The average sale price for a Sweetgrass townhouse was estimated at $258,875 in 2019, and would likely still be priced in the upper $200,000 range, Trant had told the Planning Commission last year.

“We know we’ve got a shortage of homes here in Isle of Wight County, especially affordable houses,” said Supervisor Rudolph Jefferson.

“What changed?” Supervisor Renee Rountree asked Isle of Wight Community Development Director Amy Ring, who had recommended against Sweetgrass’s approval when the matter went before the Planning Commission in December but had recommended approval at the supervisors’ meeting.

Ring said her concerns regarding the school system’s capacity to absorb the influx were mitigated by the project’s phased construction timeline, which would lessen the number of new residents per year, and the voluntary $1,825-per-student cash proffers.

Rountree had in January proposed a moratorium on approving new housing developments until a then-proposed “growth management task force” delivered a report on the county’s capacity to absorb the cumulative influx of new residents from all proposed and in-progress subdivisions. Though the supervisors had approved Rountree’s task force in February, County Attorney Bobby Jones advised delaying or outright denying all rezoning applications during the months the subcommittee would meet would likely run afoul of Virginia law.

Rountree asked Ring for an update on the group, which the board voted to create as a subcommittee of the Planning Commission. Ring said the commissioners are scheduled to name the group’s members on May 28.

At a May 13 meeting with area residents at The Smithfield Center, NVR representatives said Riverside Smithfield Hospital, a 50-bed facility slated to open in 2026 less than a mile from Sweetgrass, was in support of the development. Riverside, in a May 16 email to The Smithfield Times, confirmed its support.

“Riverside supports the proposed Sweetgrass development,” said Riverside Smithfield Hospital President Jessica Macalino. “The project will provide much-needed housing stock for our employees, and the 55,000 square feet of office space has the potential to support the substantial medical needs that will be generated by the new hospital. We look forward to being able to provide direct access to healthcare to the Sweetgrass residents, thus allowing us to continue to carry out our mission of caring for others as we would care for those we love.”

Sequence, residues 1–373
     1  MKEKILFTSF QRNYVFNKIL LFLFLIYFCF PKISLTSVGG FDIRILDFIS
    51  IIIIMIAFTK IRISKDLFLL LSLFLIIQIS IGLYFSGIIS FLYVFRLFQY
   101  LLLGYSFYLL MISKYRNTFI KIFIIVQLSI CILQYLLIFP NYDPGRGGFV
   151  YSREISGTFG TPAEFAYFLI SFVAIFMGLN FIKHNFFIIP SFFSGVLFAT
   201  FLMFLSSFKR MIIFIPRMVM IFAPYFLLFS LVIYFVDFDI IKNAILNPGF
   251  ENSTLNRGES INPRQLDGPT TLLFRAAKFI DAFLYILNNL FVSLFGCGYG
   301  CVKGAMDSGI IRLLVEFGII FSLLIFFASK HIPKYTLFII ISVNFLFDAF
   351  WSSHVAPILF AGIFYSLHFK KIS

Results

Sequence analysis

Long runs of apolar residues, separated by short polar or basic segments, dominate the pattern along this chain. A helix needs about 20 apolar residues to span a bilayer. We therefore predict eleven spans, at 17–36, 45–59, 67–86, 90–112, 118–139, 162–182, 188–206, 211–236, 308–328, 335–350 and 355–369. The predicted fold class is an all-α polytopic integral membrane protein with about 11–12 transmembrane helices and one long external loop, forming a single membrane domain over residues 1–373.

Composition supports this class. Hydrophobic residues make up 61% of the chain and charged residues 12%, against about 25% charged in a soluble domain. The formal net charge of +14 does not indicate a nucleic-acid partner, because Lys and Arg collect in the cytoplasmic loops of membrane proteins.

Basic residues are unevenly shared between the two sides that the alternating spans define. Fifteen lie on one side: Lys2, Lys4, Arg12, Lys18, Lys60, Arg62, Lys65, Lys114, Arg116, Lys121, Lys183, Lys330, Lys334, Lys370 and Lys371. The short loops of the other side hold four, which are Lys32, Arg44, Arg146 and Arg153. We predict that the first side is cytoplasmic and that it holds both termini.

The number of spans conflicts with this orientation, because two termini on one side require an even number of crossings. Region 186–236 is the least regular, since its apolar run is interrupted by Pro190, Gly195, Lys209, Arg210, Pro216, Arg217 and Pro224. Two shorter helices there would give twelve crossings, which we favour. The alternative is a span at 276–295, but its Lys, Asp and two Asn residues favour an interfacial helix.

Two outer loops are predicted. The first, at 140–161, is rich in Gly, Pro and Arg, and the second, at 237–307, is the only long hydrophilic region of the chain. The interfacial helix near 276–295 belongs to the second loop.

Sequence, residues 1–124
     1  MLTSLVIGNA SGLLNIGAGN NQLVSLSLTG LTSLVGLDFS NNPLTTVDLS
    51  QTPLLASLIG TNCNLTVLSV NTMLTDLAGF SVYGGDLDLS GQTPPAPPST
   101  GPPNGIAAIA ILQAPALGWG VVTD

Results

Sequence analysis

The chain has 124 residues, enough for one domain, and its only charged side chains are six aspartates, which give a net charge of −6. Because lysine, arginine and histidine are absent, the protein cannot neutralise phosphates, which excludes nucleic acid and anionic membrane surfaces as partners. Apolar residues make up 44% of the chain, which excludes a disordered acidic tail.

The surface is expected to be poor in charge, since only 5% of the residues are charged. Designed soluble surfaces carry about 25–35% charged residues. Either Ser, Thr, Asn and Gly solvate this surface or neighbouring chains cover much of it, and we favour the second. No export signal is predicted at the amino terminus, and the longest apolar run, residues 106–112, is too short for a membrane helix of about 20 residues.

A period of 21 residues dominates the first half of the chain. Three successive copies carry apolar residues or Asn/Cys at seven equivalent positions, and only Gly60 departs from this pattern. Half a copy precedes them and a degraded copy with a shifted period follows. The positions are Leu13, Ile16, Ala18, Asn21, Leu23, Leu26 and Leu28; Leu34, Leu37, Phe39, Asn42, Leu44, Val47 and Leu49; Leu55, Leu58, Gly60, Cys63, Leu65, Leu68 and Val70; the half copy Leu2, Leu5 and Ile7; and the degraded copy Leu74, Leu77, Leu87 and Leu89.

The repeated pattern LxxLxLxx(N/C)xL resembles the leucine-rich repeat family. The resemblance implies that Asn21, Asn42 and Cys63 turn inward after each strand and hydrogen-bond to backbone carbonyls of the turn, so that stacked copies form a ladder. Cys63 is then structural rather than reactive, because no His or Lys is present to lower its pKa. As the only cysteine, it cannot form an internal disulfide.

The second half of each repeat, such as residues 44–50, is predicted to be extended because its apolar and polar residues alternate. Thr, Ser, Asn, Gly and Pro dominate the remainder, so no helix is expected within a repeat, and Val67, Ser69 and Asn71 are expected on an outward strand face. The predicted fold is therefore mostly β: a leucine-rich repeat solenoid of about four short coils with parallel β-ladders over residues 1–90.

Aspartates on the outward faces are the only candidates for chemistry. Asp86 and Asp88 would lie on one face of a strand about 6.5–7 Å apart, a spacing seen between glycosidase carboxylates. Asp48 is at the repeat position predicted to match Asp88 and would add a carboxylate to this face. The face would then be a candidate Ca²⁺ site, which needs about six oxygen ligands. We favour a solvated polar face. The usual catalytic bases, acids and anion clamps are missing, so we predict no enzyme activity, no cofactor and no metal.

Planning Commission Chairman Bobby Bowser, speaking to the Times on May 17, called the supervisors’ vote to overrule the denial recommendation “a little surprising” but “their prerogative.”

Bowser, who was among the six commissioners who voted for the denial recommendation, said he too is concerned about the cumulative impact of in-progress and proposed developments in the county and in the town of Smithfield. The town last year approved the 267-home Grange at 10Main development at the west edge of Smithfield’s historic district, and in 2021 approved an 812-home development off Battery Park Road dubbed Mallory Pointe.

Sweetgrass is “a big project,” Bowser said. “I think the country probably needs to look along with the town of Smithfield at what’s really going on in both areas.”

Editor’s note: This story was updated at 10:56 a.m. on May 17 with additional details and reactions to the vote.